But in fact, in my experience there's not a great deal of difference. As long as your recipe's a good one, the Keep Cool function will maintain the consistency of your dessert for up to 3 hours without any noticeable reduction in smoothness or increase in coldness.
This is great as it allows you to leave the ice cream machine unattended for a considerable amount of time. You don't have to watch over it. So you can pop out to the shops. Or just get on with something else in the house. And be safe in the knowledge that the Smart Scoop is taking care of everything!
I like the Breville Smart Scoop. It's packed full of features. And it makes great quality ice cream and other frozen treats. But it won't be the best choice for everyone. To help you decide, here's 6 things I like and 4 things I'm not so keen on...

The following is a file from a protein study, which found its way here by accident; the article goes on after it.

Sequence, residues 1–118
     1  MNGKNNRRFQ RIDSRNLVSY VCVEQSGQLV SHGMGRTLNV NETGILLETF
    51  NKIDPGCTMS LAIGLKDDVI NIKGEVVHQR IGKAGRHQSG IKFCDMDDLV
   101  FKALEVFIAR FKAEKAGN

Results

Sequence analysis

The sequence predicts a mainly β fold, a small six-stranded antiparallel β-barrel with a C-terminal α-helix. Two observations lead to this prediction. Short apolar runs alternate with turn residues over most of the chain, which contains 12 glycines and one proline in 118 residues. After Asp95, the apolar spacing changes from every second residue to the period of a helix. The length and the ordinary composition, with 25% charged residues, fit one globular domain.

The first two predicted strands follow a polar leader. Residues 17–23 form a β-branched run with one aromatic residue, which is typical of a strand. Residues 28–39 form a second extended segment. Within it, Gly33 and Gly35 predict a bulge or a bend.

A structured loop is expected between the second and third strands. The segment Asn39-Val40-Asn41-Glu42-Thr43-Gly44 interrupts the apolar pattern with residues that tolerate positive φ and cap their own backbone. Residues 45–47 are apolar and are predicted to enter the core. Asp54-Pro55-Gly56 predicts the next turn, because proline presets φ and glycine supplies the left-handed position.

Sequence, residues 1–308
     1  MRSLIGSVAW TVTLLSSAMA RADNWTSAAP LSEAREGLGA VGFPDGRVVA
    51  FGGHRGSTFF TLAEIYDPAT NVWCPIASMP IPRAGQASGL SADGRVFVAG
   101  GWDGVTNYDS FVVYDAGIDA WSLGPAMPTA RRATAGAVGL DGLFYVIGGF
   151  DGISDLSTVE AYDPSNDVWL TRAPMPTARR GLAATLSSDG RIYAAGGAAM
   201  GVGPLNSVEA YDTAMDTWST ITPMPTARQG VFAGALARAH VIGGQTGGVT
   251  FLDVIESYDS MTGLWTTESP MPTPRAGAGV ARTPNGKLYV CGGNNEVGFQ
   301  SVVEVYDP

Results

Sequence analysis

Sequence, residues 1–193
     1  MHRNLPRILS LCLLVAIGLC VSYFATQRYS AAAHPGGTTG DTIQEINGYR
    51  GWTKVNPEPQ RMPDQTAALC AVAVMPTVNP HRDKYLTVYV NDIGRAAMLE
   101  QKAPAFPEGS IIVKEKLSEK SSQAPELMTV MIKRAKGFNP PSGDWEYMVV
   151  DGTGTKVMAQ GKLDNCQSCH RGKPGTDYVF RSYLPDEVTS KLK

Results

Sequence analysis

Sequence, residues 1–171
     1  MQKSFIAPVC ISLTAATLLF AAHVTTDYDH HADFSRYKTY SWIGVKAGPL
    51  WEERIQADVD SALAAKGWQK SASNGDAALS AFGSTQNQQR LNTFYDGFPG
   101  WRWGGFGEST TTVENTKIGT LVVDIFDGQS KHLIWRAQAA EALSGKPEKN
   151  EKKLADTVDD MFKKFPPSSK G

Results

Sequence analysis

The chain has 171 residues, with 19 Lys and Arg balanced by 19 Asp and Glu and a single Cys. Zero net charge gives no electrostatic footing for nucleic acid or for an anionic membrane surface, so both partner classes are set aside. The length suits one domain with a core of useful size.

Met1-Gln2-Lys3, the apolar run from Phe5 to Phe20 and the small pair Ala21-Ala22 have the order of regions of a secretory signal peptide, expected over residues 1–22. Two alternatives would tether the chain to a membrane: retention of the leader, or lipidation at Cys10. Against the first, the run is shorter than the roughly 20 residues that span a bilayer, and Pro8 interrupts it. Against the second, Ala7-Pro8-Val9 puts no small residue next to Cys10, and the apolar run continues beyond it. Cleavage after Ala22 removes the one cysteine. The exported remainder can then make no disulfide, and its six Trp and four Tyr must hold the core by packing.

I think the Smart Scoop is probably the best looking domestic ice cream available at the moment. It has nice lines, a pleasing symmetry and a top quality brushed steel finish. It's going to look great on any counter top!
I find the automatic Pre-Cool function really useful. It's good to see the temperature falling on the LCD display. And I like the way it alerts me when the temperature's as low as it's going to get and it's the right time to add my ice cream mixture.
Despite my misgivings, the Keep Cool function works well. Being able to add my mixture to the machine and then walk away for over 3 hours is incredibly liberating. I can make my desserts well in advance. I can get on with a whole load of other things. I know the Smart Scoop will take of business!